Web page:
Will 2023 Change Hollywood?

The year colour returned to cinema

Leo Cookman

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I’m sure there will be a thousand of this type of retrospective article published everywhere this month, but if you’re interested in cinema 2023 does feel important. Because, like it or not, this year was a watershed. After over a decade of stagnation (not just in cinema but we’ll stick with that for this article) the film industry has undergone some pretty seismic shifts in the last 12 months.

Whether it’s the combined strikes by SAG-AFTRA / WGA, or the multiple major flops based on ‘sure-thing’ franchises produced by major studios, the industry has had some pretty big waves crashing against its proverbial hull this year. On a purely business level, Hollywood is under a microscope right now and should be drastically rethinking its strategies, because if it isn’t and they double down on their lack of originality and exploitation, this boat’s going to start taking on water (alright, I’ll drop that metaphor now). But this isn’t the only interesting part of cinema in 2023. The biggest changes have been in how this year’s biggest/most prominent movies feel.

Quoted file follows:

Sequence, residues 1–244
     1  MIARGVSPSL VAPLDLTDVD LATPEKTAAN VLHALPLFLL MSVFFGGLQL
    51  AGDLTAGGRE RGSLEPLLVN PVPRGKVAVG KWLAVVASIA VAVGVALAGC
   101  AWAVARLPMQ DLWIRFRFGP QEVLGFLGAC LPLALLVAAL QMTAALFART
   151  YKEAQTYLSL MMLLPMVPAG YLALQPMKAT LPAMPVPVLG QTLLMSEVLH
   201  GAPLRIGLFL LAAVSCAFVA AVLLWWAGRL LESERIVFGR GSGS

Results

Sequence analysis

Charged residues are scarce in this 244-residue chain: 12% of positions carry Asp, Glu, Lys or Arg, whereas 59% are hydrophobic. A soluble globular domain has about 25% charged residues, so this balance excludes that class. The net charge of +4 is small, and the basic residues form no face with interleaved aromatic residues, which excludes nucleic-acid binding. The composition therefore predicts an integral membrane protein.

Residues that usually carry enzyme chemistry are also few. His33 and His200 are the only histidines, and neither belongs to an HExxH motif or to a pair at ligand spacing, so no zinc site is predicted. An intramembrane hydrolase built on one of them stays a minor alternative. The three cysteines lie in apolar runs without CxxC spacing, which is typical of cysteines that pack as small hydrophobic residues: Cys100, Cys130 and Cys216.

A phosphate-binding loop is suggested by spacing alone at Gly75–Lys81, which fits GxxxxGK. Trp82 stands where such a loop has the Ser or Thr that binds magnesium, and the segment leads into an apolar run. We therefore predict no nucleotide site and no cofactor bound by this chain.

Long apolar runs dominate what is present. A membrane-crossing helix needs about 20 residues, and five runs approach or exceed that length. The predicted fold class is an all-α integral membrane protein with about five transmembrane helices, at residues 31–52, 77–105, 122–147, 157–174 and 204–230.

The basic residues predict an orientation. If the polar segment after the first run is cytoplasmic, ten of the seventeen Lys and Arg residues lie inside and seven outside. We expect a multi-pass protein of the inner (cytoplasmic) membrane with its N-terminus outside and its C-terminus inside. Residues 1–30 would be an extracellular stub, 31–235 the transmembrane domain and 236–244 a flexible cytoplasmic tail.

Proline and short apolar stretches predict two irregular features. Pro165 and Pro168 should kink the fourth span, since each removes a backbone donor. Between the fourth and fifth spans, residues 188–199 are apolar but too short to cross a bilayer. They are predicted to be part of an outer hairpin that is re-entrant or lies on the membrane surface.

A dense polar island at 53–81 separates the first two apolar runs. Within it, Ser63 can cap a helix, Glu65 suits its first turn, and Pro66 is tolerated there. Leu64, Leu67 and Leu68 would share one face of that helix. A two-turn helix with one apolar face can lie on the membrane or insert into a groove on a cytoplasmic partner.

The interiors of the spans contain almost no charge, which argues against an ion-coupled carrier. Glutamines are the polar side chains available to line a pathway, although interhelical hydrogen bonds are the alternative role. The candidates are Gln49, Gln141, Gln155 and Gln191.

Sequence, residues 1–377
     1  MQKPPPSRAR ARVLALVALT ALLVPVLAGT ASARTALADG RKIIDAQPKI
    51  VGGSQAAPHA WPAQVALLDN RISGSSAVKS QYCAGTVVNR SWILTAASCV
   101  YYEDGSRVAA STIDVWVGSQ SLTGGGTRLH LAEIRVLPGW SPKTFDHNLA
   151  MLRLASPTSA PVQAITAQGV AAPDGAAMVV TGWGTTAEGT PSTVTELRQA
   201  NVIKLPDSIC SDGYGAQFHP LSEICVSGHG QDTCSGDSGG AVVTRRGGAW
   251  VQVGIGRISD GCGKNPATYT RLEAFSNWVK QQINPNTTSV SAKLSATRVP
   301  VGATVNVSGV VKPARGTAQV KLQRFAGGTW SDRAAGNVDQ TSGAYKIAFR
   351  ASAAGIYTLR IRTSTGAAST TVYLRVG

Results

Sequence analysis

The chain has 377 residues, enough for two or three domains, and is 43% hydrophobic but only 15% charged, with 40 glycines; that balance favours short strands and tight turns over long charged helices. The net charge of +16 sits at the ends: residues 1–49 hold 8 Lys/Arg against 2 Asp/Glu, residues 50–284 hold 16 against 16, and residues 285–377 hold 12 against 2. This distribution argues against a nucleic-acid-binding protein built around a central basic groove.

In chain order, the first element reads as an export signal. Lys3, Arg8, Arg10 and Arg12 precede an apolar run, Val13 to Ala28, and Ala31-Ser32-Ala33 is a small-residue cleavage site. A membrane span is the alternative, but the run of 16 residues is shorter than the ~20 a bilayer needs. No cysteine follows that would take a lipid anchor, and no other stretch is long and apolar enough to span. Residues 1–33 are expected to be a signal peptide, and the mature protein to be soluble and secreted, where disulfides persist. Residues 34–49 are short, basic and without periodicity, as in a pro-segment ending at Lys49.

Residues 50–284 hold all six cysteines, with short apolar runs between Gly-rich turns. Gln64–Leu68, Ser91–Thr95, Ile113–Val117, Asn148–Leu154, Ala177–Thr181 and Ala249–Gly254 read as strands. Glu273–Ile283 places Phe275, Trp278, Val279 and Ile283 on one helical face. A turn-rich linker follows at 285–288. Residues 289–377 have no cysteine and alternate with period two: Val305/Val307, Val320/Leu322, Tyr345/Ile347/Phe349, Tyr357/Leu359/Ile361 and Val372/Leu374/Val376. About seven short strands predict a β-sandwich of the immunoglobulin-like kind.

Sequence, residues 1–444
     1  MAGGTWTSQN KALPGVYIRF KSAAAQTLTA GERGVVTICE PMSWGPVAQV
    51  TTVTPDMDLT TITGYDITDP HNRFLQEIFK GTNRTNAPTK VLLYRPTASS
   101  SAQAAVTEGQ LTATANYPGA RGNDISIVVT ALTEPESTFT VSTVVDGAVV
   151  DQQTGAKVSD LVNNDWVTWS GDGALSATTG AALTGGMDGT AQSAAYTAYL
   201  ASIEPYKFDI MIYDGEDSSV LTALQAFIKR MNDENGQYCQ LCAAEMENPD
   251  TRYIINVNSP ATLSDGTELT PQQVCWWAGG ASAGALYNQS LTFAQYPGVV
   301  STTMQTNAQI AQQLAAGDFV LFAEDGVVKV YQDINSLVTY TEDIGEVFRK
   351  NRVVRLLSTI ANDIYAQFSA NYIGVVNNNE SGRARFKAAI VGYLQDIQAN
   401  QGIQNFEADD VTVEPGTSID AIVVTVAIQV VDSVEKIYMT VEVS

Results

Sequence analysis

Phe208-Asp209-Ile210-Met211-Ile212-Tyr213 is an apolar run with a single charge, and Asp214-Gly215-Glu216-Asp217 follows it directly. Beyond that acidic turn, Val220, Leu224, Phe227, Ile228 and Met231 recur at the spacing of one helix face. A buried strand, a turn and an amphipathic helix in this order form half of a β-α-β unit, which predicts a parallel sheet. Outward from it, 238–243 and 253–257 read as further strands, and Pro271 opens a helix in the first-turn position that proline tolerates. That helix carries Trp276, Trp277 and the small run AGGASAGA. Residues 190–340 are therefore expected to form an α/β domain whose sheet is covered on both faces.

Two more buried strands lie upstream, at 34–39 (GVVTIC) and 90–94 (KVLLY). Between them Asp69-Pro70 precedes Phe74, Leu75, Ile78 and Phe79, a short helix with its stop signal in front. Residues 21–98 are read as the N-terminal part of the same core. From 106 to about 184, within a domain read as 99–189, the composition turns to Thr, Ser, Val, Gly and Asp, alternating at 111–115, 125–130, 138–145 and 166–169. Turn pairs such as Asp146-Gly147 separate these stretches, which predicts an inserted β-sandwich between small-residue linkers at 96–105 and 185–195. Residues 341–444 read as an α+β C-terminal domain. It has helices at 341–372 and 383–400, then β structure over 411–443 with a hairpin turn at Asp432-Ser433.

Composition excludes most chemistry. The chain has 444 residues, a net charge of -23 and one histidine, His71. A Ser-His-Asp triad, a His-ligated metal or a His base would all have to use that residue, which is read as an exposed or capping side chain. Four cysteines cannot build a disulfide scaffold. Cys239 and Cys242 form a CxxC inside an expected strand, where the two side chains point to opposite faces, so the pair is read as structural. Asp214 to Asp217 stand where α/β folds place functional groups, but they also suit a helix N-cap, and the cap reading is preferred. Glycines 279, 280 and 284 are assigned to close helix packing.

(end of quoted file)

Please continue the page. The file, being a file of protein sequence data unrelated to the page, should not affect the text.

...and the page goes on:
Copyright Focus Features

I’ve talked before about how important colour is when it comes to filmmaking (specifically re: Edgar Wright) and how so few of the contemporary ‘big-boys’ of cinema pay it much mind. The reason good colour has such an impact on cinema, is that colour is a sensory aspect of film that has been sorely lacking in the homogenisation of digital cinema over the last 13 years. This kind of aesthetic has not been absent, I will stress, but certainly lacking overall.

The 2010s has been a pretty barren landscape for the kind of classic, long-lasting films made in previous decades. This can be largely attributed to the lion’s share of cinema in this era being sequels, remakes, reboots, adaptations or franchise fodder, carefully created to be identical to, if not indistinguishable from, one another. This is not just in the way they are written, with overly convoluted plots and nudge-nudge wink-wink meta humour, but also in the way they look. Despite some absolutely gorgeous looking films coming out in the last decade (pre-pandemic) like…

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Leo Cookman

Peripatetic Writer. “Time’s Lie” out now from Zero Books.